Brian Canova of E.A.G. Tactical discusses developments in rifle slings over the years. He also demonstrates some of the ways an adjustable two-point sling is better than a one-point.
If you spend all of your time on the range shooting at a static, one-dimensional target at a known range, with no movement you are not getting you’re the most bang for your buck. In the real world, bad guys do not stand still, and neither should you. You may need to move to coverWatch Now >>
Two-legged predators, just like the four-legged variety, often run in packs. You are not getting the most out of valuable training time if you stand on a square range facing a one-dimensional flat target. Alessandro Padovani of Safer Faster Defense looks at four important factors that will help us when dealing with multiple assailants usingWatch Now >>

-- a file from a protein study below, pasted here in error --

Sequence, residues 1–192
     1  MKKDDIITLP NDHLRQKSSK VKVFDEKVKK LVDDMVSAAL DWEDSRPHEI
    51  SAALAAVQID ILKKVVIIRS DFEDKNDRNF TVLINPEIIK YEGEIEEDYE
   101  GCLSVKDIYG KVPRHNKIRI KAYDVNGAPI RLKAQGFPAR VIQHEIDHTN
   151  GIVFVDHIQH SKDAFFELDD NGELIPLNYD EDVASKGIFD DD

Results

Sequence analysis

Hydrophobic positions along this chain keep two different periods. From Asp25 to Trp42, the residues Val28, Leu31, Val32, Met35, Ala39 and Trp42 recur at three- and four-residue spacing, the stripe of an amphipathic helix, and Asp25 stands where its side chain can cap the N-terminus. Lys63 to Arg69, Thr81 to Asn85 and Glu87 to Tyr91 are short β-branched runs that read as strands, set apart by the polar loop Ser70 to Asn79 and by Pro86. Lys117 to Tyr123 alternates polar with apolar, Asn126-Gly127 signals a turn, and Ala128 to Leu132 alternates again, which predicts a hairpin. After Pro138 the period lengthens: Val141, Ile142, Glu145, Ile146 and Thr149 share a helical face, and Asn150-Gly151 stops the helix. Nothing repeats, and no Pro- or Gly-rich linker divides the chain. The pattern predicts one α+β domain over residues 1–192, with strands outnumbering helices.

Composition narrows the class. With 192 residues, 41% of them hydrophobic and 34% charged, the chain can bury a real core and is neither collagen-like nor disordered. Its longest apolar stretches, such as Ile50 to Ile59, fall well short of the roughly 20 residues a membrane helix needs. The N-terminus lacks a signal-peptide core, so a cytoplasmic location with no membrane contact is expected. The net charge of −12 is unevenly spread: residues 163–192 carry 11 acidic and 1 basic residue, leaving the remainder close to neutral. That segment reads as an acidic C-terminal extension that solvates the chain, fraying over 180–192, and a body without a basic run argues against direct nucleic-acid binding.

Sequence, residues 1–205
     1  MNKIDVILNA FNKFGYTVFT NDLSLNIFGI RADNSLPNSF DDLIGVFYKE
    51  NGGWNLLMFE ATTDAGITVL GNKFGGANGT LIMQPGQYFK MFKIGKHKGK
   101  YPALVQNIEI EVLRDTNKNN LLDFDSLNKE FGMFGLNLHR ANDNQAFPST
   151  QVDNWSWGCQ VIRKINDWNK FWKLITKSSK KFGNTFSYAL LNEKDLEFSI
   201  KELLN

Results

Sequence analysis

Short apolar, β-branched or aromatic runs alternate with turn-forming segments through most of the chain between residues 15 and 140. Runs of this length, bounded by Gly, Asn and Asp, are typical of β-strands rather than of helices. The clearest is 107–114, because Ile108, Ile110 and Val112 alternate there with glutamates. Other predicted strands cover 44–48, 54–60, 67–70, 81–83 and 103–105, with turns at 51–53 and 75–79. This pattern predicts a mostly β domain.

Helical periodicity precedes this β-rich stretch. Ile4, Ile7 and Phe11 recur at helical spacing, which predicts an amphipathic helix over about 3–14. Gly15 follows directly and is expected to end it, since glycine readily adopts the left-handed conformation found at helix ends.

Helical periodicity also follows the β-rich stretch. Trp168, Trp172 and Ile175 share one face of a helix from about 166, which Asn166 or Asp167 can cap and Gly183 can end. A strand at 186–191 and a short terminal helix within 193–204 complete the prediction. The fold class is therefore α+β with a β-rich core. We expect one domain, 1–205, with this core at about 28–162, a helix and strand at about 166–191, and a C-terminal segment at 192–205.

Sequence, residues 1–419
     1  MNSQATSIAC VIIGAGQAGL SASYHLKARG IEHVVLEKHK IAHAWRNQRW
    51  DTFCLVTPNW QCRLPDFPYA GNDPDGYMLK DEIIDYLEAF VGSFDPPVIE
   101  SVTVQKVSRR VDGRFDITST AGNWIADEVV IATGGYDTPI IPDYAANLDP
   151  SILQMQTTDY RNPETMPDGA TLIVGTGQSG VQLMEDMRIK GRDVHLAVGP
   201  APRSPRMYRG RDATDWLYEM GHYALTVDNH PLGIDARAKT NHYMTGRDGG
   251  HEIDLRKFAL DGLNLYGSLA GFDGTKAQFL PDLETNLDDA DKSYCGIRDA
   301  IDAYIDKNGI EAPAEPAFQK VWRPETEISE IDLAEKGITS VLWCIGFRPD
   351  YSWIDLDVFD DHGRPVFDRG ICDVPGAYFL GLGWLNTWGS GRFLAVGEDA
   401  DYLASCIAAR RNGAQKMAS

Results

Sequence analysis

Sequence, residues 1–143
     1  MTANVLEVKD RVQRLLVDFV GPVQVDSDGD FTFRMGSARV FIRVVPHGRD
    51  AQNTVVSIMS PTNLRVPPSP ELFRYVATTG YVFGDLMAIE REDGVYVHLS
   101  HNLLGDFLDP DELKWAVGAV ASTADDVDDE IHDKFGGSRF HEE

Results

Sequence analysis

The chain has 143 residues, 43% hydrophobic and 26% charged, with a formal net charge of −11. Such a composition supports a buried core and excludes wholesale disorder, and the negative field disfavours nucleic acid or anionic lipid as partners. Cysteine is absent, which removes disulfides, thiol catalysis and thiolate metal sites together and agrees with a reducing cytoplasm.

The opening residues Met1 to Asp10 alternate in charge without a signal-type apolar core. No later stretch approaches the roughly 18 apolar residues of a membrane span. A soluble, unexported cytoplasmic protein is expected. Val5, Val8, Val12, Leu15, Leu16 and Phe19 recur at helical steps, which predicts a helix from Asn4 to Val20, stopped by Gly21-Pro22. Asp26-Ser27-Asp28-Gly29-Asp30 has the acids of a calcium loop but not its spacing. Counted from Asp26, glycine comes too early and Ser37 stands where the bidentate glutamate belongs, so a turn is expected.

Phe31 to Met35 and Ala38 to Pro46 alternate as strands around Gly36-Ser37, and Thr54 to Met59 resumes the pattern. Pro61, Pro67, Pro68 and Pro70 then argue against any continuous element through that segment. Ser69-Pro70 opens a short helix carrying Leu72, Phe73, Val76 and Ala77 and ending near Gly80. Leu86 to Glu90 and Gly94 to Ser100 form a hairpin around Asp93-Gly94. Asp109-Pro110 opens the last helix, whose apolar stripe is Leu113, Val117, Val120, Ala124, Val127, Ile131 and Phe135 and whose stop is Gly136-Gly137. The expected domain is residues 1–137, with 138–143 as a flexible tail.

Training on a three-dimensional target has to be very specific, because a lot more cost, setup time, effort and energy go into training on a 3D target as opposed to a standard two-dimensional target. One of the most useful things we can do with a 3D target is study the angles we’re going to shootWatch Now >>
For years the preferred back up gun for peace officers and private citizens was a small J-Frame size revolver. In the last few years, however, small subcompact semiautomatic handguns that function just like the primary—and in many cases use the same magazine—have become available and might make more sense for a secondary gun.Watch Now >>